According to Jonas, what are the benefits of becoming a Seven in The Giver by Lois Lowry?
The benefit of turning Seven is becoming more independent because you get a front-buttoned jacket.
In Jonas’s community, the children are raised collectively until the age of One. This means everyone turns the same age at the same time in December. Jonas’s little sister Lily is about to become an Eight when the book begins. Since Lily is still a Seven, Jonas reminds her of the benefits of turning that particular age.
"There are good things each year," Jonas reminded her. "This year you get to start your volunteer hours. And remember last year, when you became a Seven, you were so happy to get your frontbuttoned jacket?" (Ch. 6)
Clothing is used to designate children by age and adults by occupation. Lily’s new jacket had a “row of large buttons that designated her as a Seven,” while younger children wear jackets with buttons on the back so they have to help each other get dressed. This is designed to teach them interdependence. Relying on others is a foundation of the community. It is part of Sameness, like everyone dressing alike.
Jonas explains the significance of Lily’s jacket.
The front-buttoned jacket was the first sign of independence, the first very visible symbol of growing up. The bicycle, at Nine, would be the powerful emblem of moving gradually out into the community, away from the protective family unit (Chapter 6).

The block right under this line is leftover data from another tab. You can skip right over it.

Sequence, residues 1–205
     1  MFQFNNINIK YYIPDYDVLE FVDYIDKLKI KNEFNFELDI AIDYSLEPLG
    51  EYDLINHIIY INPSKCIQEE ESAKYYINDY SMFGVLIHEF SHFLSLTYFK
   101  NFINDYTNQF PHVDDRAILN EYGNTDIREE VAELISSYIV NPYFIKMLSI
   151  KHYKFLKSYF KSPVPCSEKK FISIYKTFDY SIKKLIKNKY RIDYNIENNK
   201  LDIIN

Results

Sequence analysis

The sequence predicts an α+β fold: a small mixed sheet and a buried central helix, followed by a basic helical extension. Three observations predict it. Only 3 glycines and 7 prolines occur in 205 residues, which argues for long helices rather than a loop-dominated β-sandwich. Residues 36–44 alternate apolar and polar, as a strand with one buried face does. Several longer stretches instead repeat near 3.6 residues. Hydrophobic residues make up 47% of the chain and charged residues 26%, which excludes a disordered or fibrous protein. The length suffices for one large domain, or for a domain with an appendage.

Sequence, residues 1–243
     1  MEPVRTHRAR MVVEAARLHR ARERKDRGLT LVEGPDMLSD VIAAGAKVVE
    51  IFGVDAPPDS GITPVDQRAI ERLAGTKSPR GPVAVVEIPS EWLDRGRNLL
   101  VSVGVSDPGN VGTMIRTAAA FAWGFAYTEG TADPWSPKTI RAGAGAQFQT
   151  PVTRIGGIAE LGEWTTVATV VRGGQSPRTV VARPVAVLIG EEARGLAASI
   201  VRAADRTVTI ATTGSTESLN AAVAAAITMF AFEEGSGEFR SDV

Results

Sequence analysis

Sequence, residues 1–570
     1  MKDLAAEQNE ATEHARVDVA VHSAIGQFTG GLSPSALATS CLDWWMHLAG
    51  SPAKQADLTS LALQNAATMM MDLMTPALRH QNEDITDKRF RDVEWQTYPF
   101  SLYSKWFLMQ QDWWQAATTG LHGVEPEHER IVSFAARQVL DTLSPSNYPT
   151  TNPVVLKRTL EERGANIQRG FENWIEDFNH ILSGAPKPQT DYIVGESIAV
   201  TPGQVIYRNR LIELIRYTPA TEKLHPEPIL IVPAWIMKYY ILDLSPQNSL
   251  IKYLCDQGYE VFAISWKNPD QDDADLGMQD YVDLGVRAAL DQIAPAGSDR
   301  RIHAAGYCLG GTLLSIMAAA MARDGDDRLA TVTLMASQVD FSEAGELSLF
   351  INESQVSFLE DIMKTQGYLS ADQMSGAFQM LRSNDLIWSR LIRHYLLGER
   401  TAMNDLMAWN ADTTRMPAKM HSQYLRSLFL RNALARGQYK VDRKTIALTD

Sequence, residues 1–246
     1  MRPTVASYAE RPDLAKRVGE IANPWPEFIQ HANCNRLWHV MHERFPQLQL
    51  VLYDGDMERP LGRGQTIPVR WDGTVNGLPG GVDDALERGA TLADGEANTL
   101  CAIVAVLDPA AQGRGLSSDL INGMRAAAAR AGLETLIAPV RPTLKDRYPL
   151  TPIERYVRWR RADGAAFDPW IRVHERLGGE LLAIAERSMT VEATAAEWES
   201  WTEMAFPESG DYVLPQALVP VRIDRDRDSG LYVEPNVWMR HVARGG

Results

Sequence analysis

In Jonas’s community, where everything is carefully designed to manipulate the populace, even clothing has a message. The bicycle is important because there are no cars to speak of. The community has few motorized vehicles and all adults use bicycles to get around. Children are slowly given little tastes of independence as they get older, after it has been demonstrated to them that they have to be dependent on the community for everything.
It is interesting Jonas is already pointing out the significance of independence. To most people, a new jacket might not be a big deal. However, the symbolic nature of not having to rely on others is what is at stake here, and Jonas knows that. In his analysis of the importance of the jacket and the bicycle, he is demonstrating an awareness of his community that explains why he was chosen to be trained as the next Receiver of Memory.